It’s hard to argue that the gold district that’s been, and continues to be, methodically delineated by Conroy Gold and Natural Resources PLC (LON:CGNR) is anything other than very significant, now that two serious players in the mining industry have expressed meaningful interest in a joint venture.
Conroy initially signed a letter of intent with Anglo Asian Mining (LON:AAZ) some months ago and, although the proposed deal was in certain respects slightly unconventional, nonetheless both parties expressed themselves satisfied.
But at some point, Conroy’s ground at Clontibret and the neighbouring Clay Lake and Glenish prospects, also caught the attention of Turkish conglomerate Demir Export.
And, safe in the knowledge that the agreement between Conroy and Anglo Asian was non-binding, Demir Export put together a highly professional and attractive counter-offer.
“The board met three times,” explains Conroy Gold chairman Professor Richard Conroy.
“The new deal was almost immeasurably better in every respect. And we have to do what’s in the best interests of shareholders.”
Accordingly, Demir Export’s attempt to gazump Anglo Asian looks like it will succeed, as commercial terms have been agreed and it’s only the legal niceties that have to be tied up before the deal becomes official.
That there was more money on the table from Demir Export was crucial, says the Professor. But it wasn’t the only factor.
It was also helpful that Demir Export wanted to structure a farm-in deal along conventional mining industry lines, and on generous terms, but without the complexities of the claw-backs that had been mooted under the Anglo Asian deal.
So, in the first couple of phases of the deal, Demir Export is likely to spend around €9mln to take its interest up to 40%. It can then earn another 17.5% if it takes Clontibret along to a construction ready state. At that point Conroy will still hold 42.5%, and depending on the size and scope of the development proposed, may elect to hold up its end all the way into production.
But even if it doesn’t, a mechanism in the deal exists that ensures that Conroy will continue to hold at least a 25% interest at production.
Under the terms of this mechanism, Conroy’s end of the capital expenditure will be provided by Demir Export, which has deep enough pockets to shoulder the whole burden if it so wished, never mind any bank debt.
For a junior miner capitalised at just over £10mln, that’s not a bad fallback to have, and means that there’s now a clear pathway towards both bringing Clontibret on stream and to creating meaningful value uplift for Conroy’s shareholders.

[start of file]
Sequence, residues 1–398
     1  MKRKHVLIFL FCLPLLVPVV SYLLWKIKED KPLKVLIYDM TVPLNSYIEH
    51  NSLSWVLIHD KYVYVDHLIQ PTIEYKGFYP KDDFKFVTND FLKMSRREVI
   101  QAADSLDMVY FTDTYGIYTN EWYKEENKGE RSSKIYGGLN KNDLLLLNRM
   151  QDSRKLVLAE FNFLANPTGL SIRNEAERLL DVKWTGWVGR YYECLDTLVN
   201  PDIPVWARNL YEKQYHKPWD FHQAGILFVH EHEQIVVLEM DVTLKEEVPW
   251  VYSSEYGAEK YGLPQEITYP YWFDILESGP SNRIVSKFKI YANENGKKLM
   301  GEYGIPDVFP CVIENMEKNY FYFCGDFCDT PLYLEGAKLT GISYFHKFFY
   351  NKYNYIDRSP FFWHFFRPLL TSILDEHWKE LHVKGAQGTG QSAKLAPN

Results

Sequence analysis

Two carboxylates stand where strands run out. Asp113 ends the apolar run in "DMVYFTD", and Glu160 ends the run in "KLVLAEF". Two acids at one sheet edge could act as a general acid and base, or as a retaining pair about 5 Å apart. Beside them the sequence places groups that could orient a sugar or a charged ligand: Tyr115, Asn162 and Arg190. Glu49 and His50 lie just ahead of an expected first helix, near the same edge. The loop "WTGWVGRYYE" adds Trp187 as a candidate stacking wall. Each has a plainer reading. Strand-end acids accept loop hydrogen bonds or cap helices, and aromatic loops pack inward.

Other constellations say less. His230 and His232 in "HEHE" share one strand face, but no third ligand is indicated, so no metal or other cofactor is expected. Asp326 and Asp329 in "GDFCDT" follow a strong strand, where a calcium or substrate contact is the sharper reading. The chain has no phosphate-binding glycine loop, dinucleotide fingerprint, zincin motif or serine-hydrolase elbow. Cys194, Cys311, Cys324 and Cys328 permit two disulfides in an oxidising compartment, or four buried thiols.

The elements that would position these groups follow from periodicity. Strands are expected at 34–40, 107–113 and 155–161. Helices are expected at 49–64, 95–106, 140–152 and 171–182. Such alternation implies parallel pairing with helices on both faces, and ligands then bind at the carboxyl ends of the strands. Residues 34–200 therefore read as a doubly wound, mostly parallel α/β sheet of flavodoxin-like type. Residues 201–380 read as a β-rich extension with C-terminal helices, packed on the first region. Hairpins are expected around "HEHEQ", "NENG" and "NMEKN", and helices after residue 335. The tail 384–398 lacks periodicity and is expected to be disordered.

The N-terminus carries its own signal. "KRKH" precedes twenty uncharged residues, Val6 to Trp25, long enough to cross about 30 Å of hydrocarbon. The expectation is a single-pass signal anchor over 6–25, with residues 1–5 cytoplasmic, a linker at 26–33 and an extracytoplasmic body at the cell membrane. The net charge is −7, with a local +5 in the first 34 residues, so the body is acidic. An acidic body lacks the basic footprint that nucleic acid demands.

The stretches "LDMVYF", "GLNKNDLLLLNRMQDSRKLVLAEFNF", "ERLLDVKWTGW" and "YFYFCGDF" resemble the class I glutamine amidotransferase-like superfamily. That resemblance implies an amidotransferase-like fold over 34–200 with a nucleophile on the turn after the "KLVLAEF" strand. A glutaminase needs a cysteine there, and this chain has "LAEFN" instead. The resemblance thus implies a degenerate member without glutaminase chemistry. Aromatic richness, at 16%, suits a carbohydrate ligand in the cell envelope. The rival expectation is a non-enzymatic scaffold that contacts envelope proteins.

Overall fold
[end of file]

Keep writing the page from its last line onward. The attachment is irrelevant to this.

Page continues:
And the key to all this is the potential scale of the district Conroy has under licence. As it stands, the official 517,000 ounce resource at Clontibret isn’t going to set the radar dials of the major mining companies quivering all that much.
But that’s not the right way to look at it, and that’s certainly not the way Demir Export are looking at it.
“They’re looking very much towards the long-term at Clontibret,” says Professor Conroy.
“They’re also looking at Clay Lake and all along the entire system. They’ve really done their homework.”
And what does that homework show?
What many in the industry began to wake up to when Conroy appeared at the PDAC convention last year.
“There’s a realisation that this could be a district-scale trend,” says Professor Conroy.
“It’s a whole new gold district. You’d normally expect to find ten or twelve companies in a district like this. But we’ve got it all.”
Still, the development of a new gold district requires some serious financial heft, and on reflection it’s not clear whether any mid-tier miner would be capable of providing it in a timeframe that’s acceptable to Conroy.
“The mid-tiers and smaller companies don’t necessarily have the financial capacity to take on a whole new gold trend,” says the Professor.
“But Demir Export are so enthusiastic about the project. We’ll be supported in a very thorough exploration programme. They’re really, in many ways, the partner we’ve been looking for.”